From: Candy Minx Date: Sunday, June 08, 2003 05:27 PM I have to say I felt very close to comments by Dale and Dean here. Dale, you nailed the FEELING of this story for me, that it is about slowing down the reader, the style the over wrought...and yet I agree it most surely is high handed...but ultimately, if a reader surrenders to the style, it works! Dean, I really enjoyed the translation, thank you for your effort. I too think this story is about hope, and about freedom. I believe if there is some hidden message, as some readers have said they had the sensation they were missing something, I believe there is something feeling or pain about political freedom, about spiritual freedom and freedom from oppression...horror genre or government is a metaphor or an allegory between rule and choice... I died laughing about whose afraid of monks or "monkly" not being a terrifying concept, You got to check out The Boys Of St, Vincent! Only, its terribly sad and scary. I have other thoughts...but must organize them somehow, playing catch up here by reading the terrific sets of notes so far... Cheers, Candy who has missed participating in classics corner
From: Dean Denis Date: Sunday, June 08, 2003 10:20 PM Thanks, Candy. All roads lead to roam. Dean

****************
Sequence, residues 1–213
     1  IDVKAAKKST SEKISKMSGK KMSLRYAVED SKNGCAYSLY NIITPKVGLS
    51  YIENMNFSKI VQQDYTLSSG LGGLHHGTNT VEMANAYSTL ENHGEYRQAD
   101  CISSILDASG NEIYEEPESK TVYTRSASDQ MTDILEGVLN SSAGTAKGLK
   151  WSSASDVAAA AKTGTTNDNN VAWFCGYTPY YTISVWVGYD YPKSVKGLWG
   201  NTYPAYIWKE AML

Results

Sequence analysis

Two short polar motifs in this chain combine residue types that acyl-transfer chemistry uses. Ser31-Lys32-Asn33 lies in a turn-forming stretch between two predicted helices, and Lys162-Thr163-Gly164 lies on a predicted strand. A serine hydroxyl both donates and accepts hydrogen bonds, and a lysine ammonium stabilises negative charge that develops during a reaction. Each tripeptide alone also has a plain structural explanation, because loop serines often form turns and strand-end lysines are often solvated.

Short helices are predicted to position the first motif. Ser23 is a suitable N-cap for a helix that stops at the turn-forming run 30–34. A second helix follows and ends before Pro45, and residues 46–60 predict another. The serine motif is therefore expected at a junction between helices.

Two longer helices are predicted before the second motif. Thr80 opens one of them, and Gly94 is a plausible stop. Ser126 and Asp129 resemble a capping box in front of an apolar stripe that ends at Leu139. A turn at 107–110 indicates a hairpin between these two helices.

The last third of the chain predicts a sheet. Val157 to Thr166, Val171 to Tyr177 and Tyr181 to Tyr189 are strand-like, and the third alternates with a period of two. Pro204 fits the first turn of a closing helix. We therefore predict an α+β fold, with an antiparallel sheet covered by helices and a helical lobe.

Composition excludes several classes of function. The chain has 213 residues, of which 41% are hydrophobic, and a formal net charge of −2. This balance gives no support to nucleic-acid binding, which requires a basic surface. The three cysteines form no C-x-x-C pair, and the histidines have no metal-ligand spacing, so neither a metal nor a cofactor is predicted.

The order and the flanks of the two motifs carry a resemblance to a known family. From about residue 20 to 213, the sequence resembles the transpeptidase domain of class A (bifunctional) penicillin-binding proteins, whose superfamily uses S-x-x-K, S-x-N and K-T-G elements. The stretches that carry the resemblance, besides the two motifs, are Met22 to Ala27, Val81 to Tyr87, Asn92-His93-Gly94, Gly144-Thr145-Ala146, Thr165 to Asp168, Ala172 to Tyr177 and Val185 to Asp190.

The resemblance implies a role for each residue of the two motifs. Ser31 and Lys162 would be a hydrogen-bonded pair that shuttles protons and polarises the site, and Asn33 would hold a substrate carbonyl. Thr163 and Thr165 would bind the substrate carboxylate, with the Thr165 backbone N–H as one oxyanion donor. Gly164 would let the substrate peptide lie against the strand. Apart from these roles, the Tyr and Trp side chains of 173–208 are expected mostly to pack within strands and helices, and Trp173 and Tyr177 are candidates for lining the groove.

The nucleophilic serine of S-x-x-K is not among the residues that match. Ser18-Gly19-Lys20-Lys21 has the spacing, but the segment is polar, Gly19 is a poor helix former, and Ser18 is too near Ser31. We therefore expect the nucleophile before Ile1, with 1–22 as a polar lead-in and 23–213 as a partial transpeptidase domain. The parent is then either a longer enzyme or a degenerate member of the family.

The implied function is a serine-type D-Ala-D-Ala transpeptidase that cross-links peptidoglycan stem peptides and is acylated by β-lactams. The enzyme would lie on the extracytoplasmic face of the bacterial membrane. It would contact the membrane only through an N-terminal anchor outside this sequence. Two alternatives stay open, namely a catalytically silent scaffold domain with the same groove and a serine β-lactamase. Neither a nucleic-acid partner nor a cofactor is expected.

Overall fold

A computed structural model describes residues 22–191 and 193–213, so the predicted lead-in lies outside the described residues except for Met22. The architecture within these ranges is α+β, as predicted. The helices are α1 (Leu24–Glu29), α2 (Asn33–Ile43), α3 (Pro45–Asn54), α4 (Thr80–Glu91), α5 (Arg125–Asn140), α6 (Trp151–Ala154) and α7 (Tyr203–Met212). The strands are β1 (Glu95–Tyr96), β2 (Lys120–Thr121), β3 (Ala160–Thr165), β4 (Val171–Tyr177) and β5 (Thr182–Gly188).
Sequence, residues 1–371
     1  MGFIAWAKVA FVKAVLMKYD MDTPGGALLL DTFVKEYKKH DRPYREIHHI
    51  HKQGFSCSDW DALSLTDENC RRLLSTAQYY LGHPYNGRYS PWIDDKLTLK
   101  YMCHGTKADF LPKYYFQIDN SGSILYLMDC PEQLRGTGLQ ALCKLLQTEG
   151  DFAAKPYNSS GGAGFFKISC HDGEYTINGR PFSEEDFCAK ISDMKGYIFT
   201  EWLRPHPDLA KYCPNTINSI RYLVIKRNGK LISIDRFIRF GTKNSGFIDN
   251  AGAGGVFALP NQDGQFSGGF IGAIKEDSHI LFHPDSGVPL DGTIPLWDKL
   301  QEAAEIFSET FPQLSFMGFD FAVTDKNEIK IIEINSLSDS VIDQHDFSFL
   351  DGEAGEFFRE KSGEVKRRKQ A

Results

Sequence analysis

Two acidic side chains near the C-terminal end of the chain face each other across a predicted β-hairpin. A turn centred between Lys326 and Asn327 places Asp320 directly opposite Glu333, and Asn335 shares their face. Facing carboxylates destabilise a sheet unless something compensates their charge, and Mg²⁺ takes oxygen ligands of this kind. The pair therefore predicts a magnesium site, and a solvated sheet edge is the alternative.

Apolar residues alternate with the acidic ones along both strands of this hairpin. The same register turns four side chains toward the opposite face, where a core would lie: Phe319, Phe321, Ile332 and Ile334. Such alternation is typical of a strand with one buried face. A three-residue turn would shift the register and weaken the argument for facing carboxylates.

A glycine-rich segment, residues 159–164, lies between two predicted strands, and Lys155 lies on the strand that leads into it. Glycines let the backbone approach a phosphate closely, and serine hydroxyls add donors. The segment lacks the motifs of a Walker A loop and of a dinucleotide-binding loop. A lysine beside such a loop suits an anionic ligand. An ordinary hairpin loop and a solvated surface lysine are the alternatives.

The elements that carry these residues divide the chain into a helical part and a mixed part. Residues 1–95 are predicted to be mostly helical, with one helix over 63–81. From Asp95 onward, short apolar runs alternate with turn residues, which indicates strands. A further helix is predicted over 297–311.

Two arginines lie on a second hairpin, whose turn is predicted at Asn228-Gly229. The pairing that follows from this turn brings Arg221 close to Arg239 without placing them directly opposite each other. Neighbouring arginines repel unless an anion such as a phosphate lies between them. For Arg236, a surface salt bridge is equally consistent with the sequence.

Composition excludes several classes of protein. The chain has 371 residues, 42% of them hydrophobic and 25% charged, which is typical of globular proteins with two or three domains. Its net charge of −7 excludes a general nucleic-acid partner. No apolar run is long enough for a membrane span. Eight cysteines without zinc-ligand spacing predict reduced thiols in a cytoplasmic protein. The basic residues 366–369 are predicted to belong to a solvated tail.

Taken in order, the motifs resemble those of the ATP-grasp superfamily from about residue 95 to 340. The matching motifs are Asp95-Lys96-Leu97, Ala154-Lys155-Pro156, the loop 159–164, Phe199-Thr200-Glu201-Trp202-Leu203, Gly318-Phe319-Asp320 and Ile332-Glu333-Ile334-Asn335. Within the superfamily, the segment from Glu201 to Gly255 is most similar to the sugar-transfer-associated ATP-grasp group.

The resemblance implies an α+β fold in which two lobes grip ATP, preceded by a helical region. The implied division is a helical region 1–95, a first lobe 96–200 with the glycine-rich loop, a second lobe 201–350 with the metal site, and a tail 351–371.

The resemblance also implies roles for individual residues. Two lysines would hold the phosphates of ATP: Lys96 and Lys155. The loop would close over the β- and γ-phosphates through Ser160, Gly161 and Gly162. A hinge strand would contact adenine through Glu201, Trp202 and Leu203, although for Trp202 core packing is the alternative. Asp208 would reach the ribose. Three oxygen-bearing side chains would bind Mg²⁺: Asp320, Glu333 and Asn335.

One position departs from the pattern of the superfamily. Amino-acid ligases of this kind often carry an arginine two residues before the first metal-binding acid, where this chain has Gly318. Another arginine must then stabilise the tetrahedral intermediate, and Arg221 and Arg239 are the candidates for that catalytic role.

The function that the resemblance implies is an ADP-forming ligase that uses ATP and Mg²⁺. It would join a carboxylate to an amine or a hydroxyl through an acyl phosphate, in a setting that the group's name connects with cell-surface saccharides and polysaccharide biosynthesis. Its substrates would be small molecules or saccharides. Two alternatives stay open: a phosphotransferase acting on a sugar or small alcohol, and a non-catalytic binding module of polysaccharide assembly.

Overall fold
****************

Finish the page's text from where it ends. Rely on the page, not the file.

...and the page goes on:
From: Candy Minx Date: Monday, June 09, 2003 11:22 AM Last night I watched the movie Catch Me If You Can, and was noticed there were several moments that we could see the main characters aversion to confinement. Eventually, he was confined in solitary for four years. I found myself wondering what this would feel like, and there is a time in the movie when he comes out for a meeting, and the actor looks so beat down. I felt compelled to read this story again today...and it really gives me the sensation of what it might feel like to be locked up...and I feel so sick when I read it. I even got very used to the style of speaking within the story...and it occurred to me, How did Poe write this so well?!(uh oh get me I am using the dreaded exclamation mark, inspired by Poe?!!!!!)heh heh. Did Poe hide in a well or something? In prison movies I find I am often terribly frightened by scenes where the prisoner goes into isolation, and this story seems to answer my fears as well as my curiosity. I really feel I have experienced, if only just a little what it might be like. the kind of obsession the prisoner goes through measuring his cell. I think I would be too afraid to even participate in searching my environment. The following paragraph demonstrates to me how Poe entices me...his hero is brave and simple and reasoning... "My worst thoughts, then, were confirmed. The blackness of eternal night encompassed me. I struggled for breath. The intensity of the darkness seemed to oppress and stifle me. The atmosphere was intolerably close. I still lay quietly, and made effort to exercise my reason. I brought to mind the inquisitorial proceedings, and attempted from that point to deduce my real condition. The sentence had passed; and it appeared to me that a very long interval of time had since elapsed. Yet not for a moment did I suppose myself actually dead. Such a supposition, notwithstanding what we read in fiction,is altogether inconsistent with real existence; but where and in what state was I? The condemned to death, I knew, perished usually at the autos-da-fe, and one of these had been held on the very night of the day of my trial. " I love how he mentions "Such a supposition, notwithstanding what we read in fiction,is altogether inconsistent with real existence" is so simple but how his mentioning fiction...seems to make this story suddenly become something OTHER than fiction to me. It begins to not be so heavy-handed to read, not so archaic a style... More than anything I am struck by how very existential this story is...and I wonder how many French philosophers may have been inspired by this at first glance horror story then turned political critique. It seems very much like metafiction to me, eat your hearts out Paul Auster and Don DeLillo and Sartre and Nicholas Baker...all of a sudden I see this writing and thought process within a story like this as such a mega influence... its also kind of weird to me, if this is the Inquisition, its kind of cool to me that the French are the saviours and heros considering all the recent cultural and political miffs between France and America in past months... Where is Toledo? Spain...or South America...